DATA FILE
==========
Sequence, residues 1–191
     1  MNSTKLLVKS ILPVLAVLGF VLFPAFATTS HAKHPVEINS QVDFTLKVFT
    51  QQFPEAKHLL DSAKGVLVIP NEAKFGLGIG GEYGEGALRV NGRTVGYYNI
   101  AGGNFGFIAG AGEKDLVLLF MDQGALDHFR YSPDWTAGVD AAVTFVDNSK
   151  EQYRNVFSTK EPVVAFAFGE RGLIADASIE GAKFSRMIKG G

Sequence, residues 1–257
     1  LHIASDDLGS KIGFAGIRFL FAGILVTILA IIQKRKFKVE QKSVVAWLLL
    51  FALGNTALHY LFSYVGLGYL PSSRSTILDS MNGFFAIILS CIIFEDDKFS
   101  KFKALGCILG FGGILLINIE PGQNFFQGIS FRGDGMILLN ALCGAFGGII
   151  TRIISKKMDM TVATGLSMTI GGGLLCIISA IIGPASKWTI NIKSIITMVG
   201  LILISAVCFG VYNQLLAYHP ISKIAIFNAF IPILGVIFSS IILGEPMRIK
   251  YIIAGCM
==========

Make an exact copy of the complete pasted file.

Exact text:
Sequence, residues 1–191
     1  MNSTKLLVKS ILPVLAVLGF VLFPAFATTS HAKHPVEINS QVDFTLKVFT
    51  QQFPEAKHLL DSAKGVLVIP NEAKFGLGIG GEYGEGALRV NGRTVGYYNI
   101  AGGNFGFIAG AGEKDLVLLF MDQGALDHFR YSPDWTAGVD AAVTFVDNSK
   151  EQYRNVFSTK EPVVAFAFGE RGLIADASIE GAKFSRMIKG G

Sequence, residues 1–257
     1  LHIASDDLGS KIGFAGIRFL FAGILVTILA IIQKRKFKVE QKSVVAWLLL
    51  FALGNTALHY LFSYVGLGYL PSSRSTILDS MNGFFAIILS CIIFEDDKFS
   101  KFKALGCILG FGGILLINIE PGQNFFQGIS FRGDGMILLN ALCGAFGGII
   151  TRIISKKMDM TVATGLSMTI GGGLLCIISA IIGPASKWTI NIKSIITMVG
   201  LILISAVCFG VYNQLLAYHP ISKIAIFNAF IPILGVIFSS IILGEPMRIK
   251  YIIAGCM